New Delhi: The Supreme Court Wednesday sought the central government’s response to a petition asking for all contributions made to the PM CARES Fund to be directly transferred to the National Disaster Response Fund (NDRF).
The PM CARES Fund was launched by Prime Minister Narendra Modi on 28 March in the face of the Covid-19 pandemic, and by the end of May, the total donations received reportedly stood at Rs 10,000 crore.
A bench of justices Ashok Bhushan, S.K. Kaul and M.R. Shah gave the government four weeks to prepare its submissions. The court was hearing a public interest litigation (PIL) filed by the Centre for Public Interest and Litigation (CPIL) — an NGO that conducts litigation on matters of public interest.
The bench declined to issue immediate orders when senior advocate Dushyant Dave, appearing for the petitioner, urged the bench for directions. The court said: “It is difficult to pass an interim order at this stage.”
The plea also calls for setting up a national plan under the Disaster Management Act (DM Act).
CPIL has maintained in its petition that according to prominent Indian epidemiologists and experts in public health, the Indian government has not handled the Covid crisis well and in the light of the same, an expert body must be consulted by the central government to draft a National Plan.
Heated exchange between Dave and SG Mehta
The short hearing via video-conferencing also witnessed a heated exchange of arguments between Dave and Solicitor General Tushar Mehta.
Dave took objection to Mehta’s presence when the law officer repeatedly urged the bench not to issue a formal notice. “I am there. Let a petition be given to me, given me time and I will respond,” he told the bench.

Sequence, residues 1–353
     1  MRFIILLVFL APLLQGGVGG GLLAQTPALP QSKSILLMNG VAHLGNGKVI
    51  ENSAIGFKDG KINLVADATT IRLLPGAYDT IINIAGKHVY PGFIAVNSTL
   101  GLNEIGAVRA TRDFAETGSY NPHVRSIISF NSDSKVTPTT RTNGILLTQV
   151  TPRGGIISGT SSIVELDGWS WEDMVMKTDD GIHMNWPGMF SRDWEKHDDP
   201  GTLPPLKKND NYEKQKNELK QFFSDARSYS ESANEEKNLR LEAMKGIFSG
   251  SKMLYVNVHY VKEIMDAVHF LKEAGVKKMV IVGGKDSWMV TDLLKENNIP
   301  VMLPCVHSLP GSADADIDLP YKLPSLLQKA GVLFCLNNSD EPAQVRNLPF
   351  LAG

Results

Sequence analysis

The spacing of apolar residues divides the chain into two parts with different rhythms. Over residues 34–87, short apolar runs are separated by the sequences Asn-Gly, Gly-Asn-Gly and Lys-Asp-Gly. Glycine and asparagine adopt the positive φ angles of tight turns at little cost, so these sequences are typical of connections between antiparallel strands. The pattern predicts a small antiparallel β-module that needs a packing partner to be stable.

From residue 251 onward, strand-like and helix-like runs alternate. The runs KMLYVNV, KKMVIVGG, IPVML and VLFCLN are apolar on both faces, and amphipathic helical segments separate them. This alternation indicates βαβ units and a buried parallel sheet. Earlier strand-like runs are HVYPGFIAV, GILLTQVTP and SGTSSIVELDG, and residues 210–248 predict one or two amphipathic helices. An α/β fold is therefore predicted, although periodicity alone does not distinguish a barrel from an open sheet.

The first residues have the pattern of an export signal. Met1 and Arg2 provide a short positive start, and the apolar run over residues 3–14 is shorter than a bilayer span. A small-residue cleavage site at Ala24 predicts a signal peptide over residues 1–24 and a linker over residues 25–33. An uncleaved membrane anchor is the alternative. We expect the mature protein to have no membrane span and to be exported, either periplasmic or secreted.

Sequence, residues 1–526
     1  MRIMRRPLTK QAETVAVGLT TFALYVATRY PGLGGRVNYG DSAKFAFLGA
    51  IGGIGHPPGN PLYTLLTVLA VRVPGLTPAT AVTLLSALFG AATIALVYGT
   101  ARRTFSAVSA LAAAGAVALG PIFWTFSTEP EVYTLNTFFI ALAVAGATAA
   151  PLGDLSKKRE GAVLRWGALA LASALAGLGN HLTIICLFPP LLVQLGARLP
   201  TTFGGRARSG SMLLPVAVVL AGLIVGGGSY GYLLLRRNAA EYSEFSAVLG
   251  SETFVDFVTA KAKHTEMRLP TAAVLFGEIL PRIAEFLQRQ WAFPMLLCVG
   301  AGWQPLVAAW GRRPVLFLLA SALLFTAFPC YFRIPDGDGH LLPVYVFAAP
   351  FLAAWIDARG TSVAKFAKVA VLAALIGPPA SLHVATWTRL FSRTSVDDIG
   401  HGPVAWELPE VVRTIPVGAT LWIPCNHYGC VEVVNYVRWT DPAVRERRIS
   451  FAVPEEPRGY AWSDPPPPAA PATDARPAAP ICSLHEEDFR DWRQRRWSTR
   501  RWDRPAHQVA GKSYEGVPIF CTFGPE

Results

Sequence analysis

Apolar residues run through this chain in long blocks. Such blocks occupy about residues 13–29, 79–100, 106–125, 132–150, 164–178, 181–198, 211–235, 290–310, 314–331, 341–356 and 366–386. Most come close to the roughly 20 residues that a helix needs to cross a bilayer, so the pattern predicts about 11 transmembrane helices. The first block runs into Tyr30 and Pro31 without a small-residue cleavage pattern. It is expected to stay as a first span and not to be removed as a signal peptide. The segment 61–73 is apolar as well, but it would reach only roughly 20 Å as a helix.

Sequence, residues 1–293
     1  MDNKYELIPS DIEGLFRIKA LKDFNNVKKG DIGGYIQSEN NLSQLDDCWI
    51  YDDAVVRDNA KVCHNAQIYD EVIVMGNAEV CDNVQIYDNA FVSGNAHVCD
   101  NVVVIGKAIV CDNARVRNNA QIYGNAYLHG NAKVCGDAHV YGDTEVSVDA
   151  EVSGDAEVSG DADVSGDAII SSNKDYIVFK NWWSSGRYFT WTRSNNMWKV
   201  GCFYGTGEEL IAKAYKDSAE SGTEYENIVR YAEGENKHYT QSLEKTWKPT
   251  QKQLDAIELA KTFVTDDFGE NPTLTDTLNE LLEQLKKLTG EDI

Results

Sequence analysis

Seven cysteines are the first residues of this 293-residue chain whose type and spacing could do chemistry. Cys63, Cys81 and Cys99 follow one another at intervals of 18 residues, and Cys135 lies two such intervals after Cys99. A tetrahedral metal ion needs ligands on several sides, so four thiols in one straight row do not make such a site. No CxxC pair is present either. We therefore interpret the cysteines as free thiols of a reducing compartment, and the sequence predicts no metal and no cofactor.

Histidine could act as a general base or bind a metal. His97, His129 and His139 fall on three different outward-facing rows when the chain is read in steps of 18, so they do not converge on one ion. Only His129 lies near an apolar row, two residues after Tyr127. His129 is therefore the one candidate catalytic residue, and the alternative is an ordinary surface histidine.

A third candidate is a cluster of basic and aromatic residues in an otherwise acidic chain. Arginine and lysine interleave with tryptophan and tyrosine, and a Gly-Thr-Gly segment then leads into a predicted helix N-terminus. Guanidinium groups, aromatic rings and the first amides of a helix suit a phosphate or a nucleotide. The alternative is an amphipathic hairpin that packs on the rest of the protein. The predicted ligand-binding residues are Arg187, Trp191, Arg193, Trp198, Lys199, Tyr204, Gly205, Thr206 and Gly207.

After the court refused to give a short date, as asked by Dave, the senior counsel retorted: “I need to be heard. The court is dictating what the solicitor general is dictating.”
Mehta took an exception to Dave’s statement. “This is contemptuous. Someday some court has to take cognizance of this behaviour,” the solicitor remarked.
The judges, too, objected to Dave’s statement. “You cannot say this. We have issued notice in this matter. There are instances when we issue notice without hearing a party. That does not mean we did not apply our mind,” Justice Bhushan told Dave.
Despite the senior lawyer’s plea to hear the matter in two weeks, the court listed it for a hearing after four weeks.
‘Need a robust national plan of action’
CPIL has stated in its PIL that a minimum standard for relief should be provided for Covid-19 patients, in conformity with the Disaster Management Act (DM).
It said that in “the face of a health crisis” the NDRF has not been utilised by the authorities and a separate fund, the PM CARES Fund, has been set up outside the ambit of the DM Act, which is in direct violation of the statutory provisions under the Act.
CPIL complained against the “opaqueness” surrounding the PM CARES Fund, while pointing out that it is not subject to a mandatory CAG audit.
No information regarding its functioning or collection of funds can be sought as it also falls outside the purview of the Right to Information Act, the petitioner said.
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